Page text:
An Australian mother has welcomed healthy conjoined twin daughters with one body and two brains despite doctors’ suggestions to terminate the pregnancy.
On Thursday last week, Renee Young and her partner Simon Howie, from Sydney’s west, welcomed babies Faith and Hope six weeks before their predicted due date.
The couple, already parents to seven other children, learned that the twins were in fact sharing one body in an ultrasound.
Faith and Hope have the same body, heart and skull, but have separate faces.
The condition, known as diprosopus, has only 35 other documented cases and a zero per cent survival rate.
Doctors warned the parents that the rare babies may not survive the birth, but they decided to proceed.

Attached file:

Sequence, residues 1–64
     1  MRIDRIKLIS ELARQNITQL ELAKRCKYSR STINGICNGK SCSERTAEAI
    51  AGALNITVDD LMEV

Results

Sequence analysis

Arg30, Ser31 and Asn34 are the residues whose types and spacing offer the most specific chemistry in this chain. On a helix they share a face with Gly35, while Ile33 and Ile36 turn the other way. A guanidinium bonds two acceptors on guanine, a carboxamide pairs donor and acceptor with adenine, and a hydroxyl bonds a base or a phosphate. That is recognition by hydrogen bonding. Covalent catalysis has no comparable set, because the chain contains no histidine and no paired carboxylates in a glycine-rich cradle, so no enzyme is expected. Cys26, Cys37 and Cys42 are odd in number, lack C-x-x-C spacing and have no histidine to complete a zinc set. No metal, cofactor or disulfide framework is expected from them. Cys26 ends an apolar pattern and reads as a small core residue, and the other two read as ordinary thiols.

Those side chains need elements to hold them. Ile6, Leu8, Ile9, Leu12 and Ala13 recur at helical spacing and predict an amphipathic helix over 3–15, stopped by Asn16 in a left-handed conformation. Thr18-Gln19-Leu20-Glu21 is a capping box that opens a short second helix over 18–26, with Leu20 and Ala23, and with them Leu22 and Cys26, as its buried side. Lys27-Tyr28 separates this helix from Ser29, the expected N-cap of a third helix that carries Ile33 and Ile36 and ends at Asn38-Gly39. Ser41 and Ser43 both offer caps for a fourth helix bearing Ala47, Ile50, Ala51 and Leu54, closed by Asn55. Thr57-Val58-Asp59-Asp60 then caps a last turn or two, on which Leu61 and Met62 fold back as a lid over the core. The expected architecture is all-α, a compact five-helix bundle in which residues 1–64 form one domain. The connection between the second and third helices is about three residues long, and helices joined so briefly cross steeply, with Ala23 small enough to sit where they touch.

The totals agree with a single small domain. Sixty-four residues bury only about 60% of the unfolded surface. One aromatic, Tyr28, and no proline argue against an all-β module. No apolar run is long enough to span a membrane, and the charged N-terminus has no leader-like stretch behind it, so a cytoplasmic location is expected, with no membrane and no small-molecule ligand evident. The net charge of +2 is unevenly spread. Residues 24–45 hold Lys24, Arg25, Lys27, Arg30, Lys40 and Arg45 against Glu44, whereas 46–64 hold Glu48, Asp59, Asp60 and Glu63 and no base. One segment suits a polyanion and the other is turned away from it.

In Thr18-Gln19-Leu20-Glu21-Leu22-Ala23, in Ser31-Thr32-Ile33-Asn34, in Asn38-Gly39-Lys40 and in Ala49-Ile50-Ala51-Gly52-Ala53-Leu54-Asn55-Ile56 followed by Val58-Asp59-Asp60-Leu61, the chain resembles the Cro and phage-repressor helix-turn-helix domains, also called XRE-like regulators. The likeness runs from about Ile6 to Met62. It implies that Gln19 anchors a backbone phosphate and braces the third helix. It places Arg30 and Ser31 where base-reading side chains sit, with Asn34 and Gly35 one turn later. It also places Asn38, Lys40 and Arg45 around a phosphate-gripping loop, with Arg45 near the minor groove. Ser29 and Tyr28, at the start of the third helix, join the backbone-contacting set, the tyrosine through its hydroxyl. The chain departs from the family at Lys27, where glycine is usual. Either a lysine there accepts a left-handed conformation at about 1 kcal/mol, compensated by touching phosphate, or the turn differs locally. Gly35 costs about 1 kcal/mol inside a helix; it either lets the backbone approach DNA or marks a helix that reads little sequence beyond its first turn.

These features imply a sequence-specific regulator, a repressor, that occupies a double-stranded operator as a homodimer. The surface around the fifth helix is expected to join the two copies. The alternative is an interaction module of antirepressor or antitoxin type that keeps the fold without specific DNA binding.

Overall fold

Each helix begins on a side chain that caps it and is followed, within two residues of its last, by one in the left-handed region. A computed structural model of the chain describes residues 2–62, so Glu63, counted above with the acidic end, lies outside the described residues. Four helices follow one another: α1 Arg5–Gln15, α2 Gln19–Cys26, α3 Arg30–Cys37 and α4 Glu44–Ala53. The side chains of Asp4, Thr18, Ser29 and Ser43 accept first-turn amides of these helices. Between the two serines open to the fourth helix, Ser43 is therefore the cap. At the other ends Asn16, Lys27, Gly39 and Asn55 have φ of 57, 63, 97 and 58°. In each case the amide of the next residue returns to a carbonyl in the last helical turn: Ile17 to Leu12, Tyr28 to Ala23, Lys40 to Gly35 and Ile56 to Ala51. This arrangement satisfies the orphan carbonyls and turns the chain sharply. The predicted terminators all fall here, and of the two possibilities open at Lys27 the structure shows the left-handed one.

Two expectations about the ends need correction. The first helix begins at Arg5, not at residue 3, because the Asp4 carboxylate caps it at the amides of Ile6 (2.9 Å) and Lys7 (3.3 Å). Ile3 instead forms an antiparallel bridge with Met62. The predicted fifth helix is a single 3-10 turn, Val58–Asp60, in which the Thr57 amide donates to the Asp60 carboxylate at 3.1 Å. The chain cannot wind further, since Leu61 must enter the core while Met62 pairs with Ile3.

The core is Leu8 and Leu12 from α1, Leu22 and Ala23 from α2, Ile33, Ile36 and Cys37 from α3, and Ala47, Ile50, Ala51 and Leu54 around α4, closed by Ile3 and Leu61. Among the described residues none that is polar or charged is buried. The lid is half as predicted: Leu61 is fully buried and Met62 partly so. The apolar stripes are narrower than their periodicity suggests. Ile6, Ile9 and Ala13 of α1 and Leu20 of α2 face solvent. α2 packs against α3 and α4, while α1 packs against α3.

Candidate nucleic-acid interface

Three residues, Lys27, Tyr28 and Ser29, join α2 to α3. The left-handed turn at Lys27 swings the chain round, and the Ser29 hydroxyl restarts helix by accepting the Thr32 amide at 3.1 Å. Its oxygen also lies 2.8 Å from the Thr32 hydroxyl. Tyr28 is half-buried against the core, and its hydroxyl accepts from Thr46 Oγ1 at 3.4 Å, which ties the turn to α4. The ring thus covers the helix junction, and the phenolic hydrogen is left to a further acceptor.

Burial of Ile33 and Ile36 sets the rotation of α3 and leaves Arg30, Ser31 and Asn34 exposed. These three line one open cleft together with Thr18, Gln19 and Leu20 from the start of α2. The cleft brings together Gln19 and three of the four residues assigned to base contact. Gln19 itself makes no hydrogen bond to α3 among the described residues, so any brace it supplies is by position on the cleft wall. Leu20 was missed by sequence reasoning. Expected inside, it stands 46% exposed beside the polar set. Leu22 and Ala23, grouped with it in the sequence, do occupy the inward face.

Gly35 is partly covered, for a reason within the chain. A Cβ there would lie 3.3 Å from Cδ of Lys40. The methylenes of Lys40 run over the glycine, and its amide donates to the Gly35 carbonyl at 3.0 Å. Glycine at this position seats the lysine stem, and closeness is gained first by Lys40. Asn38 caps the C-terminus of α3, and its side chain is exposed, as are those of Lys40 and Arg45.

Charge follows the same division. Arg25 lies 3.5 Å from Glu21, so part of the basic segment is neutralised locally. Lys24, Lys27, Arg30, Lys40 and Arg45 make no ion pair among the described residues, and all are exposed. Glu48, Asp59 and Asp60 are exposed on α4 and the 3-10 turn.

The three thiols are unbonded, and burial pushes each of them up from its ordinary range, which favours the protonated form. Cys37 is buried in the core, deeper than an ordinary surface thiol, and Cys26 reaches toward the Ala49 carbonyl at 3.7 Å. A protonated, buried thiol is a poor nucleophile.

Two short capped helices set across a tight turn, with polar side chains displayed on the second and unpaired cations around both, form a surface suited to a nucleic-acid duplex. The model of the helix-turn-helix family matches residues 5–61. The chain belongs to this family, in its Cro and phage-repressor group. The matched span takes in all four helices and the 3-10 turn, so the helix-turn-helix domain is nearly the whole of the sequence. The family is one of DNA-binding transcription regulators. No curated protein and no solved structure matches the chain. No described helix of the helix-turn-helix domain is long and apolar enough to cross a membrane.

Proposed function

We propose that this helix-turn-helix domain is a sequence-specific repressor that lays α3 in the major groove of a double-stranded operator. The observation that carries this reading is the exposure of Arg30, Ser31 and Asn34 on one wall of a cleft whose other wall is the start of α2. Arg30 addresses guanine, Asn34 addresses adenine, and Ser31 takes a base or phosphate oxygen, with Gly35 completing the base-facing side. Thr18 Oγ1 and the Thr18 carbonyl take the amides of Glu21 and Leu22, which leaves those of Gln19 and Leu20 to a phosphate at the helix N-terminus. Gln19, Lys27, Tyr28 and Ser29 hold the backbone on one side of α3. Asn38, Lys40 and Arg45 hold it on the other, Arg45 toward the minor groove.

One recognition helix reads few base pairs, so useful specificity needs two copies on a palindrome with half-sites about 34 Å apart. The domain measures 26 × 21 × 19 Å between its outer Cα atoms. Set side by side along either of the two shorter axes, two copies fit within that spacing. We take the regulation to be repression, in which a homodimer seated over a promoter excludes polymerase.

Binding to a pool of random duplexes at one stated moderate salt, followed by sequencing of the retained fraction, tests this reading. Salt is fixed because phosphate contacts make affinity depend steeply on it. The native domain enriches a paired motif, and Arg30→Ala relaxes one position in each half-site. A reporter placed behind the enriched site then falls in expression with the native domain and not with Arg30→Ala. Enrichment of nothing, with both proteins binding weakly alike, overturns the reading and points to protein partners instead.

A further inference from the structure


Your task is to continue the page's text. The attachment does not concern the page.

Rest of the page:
“The physical structures in the chest are probably consistent with a single person, but how the neurology works and how the brain is connected – that is really hard to determine whether they will function normally,” Maternal foetal medicine specialist Dr Glenn Gardener told the Herald Sun.
“I think one of the biggest risks to this baby, in terms of surviving, is its ability to breathe on its own,” Maternal foetal specialist Dr Greg Kesby said.
However, the parents remain hopeful.
“They are breathing perfectly on their own and feeding. They even had their first bath last night,” Mr Howie told A Current Affair.
“I would say if I only get two days with the baby, at least I have some time with it,” Ms Young said.